Let’s get down to wedding business, shall we? I truly appreciate all the kind comments and tweets and am excited to catch you up on our wedding and honeymoon over several
hundred posts. And yes, I promise to tell you all about those killer bridesmaids dresses. While I was extremely excited for our reception (and the aforementioned dresses), the highlight was definitely the moment we exchanged vows and our marriage became “official.”
For Catholics, many – if not most – of life’s greatest milestones are marked by the seven holy sacraments. Since I will never receive the sacrament of holy orders (obvi), that leaves six:
- Holy Matrimony
- Anointing of the Sick
Holy Matrimony (or the sacrament of marriage, if you’re feeling casual) is a public sign of giving oneself totally to your partner, while also making a commitment to our faith. Because Nick and I have such a warm, welcoming faith community, our decision to get married at our parish, St. Cecilia, was an easy one.In the months leading up to our wedding, we met with our pastor and our pastoral associate (he was also our cantor and coordinated our Mass). We requested our baptismal certificates from the churches where we were baptized – mine from Hyde Park and Nick’s from Lowell. [Catholic fun (?) fact: The parish where you were baptized – most likely as an infant – keeps all of your official records regardless of if/when you join a new parish. Most records are still kept by hand.] We completed a day-long marriage preparation class (often referred to as pre-Cana) at The Paulist Center in Boston, which focused on conversations about faith, finances, and relationships. I had no idea what to expect going into the process, but truthfully, we had an overwhelmingly positive experience. We are really lucky to have found a home in our parish and the people that make up that community.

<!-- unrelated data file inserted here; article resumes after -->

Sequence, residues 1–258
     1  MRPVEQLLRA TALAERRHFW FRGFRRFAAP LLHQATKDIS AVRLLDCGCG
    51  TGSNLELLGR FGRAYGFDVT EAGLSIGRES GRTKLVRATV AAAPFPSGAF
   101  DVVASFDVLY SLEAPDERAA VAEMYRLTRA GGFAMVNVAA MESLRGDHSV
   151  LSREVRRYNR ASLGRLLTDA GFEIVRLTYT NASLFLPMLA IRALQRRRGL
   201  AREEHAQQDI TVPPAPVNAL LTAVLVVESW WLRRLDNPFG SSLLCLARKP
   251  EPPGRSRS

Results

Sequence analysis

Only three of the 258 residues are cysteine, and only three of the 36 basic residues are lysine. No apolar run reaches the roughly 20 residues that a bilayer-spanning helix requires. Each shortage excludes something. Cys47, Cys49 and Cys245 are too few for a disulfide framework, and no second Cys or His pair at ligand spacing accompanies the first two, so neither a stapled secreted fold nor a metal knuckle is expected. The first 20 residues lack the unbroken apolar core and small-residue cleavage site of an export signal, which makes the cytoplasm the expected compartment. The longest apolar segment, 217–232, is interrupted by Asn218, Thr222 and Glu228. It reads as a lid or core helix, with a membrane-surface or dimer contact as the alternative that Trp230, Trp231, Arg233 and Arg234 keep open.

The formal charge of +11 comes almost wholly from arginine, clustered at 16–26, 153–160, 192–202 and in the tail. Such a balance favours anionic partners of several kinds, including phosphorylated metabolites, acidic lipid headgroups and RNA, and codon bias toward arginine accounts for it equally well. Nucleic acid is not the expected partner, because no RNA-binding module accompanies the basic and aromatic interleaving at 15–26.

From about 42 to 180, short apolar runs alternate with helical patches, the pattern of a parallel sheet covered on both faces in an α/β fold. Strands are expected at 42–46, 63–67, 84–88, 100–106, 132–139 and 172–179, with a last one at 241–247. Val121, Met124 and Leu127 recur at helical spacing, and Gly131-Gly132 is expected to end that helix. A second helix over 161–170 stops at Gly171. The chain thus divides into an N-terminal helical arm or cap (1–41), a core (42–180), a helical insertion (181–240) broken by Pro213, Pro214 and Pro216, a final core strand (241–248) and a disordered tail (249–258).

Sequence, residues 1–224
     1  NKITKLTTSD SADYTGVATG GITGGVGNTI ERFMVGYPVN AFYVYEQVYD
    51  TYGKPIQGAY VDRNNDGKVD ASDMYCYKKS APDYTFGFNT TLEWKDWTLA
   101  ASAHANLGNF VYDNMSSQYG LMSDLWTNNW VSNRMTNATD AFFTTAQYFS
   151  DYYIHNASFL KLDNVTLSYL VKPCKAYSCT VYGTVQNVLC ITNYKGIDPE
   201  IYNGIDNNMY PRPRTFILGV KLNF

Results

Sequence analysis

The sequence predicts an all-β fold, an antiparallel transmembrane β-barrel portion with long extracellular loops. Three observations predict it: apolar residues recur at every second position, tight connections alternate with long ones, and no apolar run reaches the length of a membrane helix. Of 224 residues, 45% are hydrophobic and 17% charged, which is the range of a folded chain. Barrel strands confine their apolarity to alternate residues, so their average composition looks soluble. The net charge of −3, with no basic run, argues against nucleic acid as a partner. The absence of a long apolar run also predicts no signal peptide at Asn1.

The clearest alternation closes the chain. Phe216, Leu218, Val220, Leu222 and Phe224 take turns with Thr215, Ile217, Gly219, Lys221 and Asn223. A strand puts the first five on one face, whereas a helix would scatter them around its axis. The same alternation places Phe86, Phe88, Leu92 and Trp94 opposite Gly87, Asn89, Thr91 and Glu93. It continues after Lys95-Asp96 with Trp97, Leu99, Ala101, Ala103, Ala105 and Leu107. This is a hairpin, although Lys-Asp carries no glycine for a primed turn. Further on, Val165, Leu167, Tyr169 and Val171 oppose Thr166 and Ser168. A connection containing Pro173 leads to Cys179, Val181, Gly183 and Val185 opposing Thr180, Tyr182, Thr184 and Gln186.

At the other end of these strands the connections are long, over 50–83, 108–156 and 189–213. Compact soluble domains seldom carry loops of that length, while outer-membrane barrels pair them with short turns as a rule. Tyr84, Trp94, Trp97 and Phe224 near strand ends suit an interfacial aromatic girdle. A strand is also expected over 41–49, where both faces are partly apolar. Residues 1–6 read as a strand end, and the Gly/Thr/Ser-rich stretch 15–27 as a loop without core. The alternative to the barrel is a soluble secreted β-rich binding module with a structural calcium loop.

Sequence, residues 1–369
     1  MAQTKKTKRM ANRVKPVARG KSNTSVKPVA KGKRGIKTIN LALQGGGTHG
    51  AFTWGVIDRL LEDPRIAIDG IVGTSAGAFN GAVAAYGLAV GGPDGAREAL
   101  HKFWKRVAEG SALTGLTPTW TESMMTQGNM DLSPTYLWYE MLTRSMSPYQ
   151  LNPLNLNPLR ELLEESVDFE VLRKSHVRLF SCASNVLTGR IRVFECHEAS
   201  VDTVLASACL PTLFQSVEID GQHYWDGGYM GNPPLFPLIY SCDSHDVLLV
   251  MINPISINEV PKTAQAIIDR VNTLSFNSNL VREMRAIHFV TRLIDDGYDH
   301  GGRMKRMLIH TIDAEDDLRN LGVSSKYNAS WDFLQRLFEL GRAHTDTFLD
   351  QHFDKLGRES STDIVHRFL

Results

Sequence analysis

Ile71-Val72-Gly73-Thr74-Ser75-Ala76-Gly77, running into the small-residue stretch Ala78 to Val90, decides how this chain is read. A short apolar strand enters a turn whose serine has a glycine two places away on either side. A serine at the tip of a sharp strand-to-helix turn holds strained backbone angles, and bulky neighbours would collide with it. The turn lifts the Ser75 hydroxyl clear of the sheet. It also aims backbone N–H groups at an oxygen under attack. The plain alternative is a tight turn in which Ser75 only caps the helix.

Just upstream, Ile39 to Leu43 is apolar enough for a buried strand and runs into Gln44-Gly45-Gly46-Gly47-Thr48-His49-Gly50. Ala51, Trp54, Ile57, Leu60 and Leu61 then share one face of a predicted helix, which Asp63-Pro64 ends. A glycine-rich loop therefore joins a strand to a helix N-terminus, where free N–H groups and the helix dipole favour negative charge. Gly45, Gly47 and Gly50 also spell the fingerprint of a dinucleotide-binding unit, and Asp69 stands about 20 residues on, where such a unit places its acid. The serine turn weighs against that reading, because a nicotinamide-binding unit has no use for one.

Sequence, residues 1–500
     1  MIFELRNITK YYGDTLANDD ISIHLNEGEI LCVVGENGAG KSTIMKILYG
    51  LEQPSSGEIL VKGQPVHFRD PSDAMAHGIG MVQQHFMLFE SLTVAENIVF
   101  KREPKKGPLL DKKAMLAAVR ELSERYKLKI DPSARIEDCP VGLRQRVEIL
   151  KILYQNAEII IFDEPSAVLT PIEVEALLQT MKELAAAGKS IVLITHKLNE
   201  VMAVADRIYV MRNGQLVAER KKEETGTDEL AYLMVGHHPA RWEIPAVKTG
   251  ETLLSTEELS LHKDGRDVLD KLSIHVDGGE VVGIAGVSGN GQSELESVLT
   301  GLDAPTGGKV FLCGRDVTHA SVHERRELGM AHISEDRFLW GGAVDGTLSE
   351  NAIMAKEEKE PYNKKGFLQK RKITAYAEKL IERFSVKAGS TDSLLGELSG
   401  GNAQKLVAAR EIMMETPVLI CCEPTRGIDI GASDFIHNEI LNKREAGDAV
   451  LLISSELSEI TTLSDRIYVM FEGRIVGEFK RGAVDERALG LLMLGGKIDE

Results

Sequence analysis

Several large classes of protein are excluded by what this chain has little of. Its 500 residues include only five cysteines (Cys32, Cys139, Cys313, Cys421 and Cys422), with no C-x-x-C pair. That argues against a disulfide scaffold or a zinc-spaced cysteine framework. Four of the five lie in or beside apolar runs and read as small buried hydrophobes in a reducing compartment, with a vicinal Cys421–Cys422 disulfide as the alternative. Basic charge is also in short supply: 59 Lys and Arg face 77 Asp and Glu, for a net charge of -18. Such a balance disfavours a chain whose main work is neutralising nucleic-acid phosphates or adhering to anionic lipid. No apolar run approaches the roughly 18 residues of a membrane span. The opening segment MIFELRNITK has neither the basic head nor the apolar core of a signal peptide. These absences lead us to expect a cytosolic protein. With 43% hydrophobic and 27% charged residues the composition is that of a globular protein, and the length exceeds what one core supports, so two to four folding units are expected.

For the Mass itself, we were encouraged to choose the readings and music that best spoke to us and our relationship. Not surprisingly, we chose readings and songs about love (truly creative, I know) and joy and peace. In addition to our bridesmaids and groomsmen, we had a chance to involve family members in a special way at our Mass. We chose two readings from the New Testament that I adore. Ordinarily a Catholic Mass includes one Old Testament reading and one New Testament reading, but most of our OT (…if I may) options were a little too “wife, obey your husband” for us. I do what I want.
- First reading: Philippians 4:4-9, read by my sister-in-law Colleen
- Second reading: Colossians 3:12-17, read by my uncle Bob
After the Gospel reading (John 15:9-12), Fr. John gave such a touching homily. I am so grateful for the way he welcomed our family and friends, and shared bits and pieces of our conversation with him in the days leading up to the wedding. He talked about the things we love most about one another and reminded us how important it is to continue to “bring these words to speech.”
I managed to keep my composure (mostly), but teared up a number of times throughout Mass. The music and readings were just perfect. Being walked toward the altar by my father, and seeing so many loved ones on each side of the aisle, was incredible… especially knowing that Nick was waiting for me just a few yards away. To have so many people gathered around us as we exchanged vows was such a gift. At the risk of sounding like a cheese doodle, I was overwhelmed by the outpouring of love we felt that day.
Overwhelmed… and ready to dance.
Also On Tap for Today:
- Back to reality… and 9,001 work emails
- Amanda‘s Holiday Bootie Buster Challenge starts today
- Learn more about our parish
What is your signature dance move?